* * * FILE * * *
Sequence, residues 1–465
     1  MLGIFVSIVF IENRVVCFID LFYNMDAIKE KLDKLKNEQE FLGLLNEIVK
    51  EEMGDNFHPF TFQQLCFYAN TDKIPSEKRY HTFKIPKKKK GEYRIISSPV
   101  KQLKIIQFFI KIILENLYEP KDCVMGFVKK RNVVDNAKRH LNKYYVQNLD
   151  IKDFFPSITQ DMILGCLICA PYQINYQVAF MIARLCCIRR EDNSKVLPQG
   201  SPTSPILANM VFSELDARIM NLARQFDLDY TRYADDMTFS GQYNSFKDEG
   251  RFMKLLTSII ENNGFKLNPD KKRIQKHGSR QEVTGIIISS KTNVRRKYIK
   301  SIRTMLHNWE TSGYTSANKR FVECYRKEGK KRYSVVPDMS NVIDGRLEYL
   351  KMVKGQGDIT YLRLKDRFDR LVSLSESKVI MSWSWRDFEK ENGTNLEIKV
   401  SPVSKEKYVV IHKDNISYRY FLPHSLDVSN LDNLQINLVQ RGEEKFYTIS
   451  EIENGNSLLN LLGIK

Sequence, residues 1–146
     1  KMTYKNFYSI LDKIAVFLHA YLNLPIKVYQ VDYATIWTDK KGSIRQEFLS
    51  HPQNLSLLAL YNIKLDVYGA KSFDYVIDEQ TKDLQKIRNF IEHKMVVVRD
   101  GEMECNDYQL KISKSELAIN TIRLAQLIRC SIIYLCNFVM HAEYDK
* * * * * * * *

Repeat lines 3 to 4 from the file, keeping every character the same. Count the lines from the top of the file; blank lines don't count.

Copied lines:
    51  EEMGDNFHPF TFQQLCFYAN TDKIPSEKRY HTFKIPKKKK GEYRIISSPV
   101  KQLKIIQFFI KIILENLYEP KDCVMGFVKK RNVVDNAKRH LNKYYVQNLD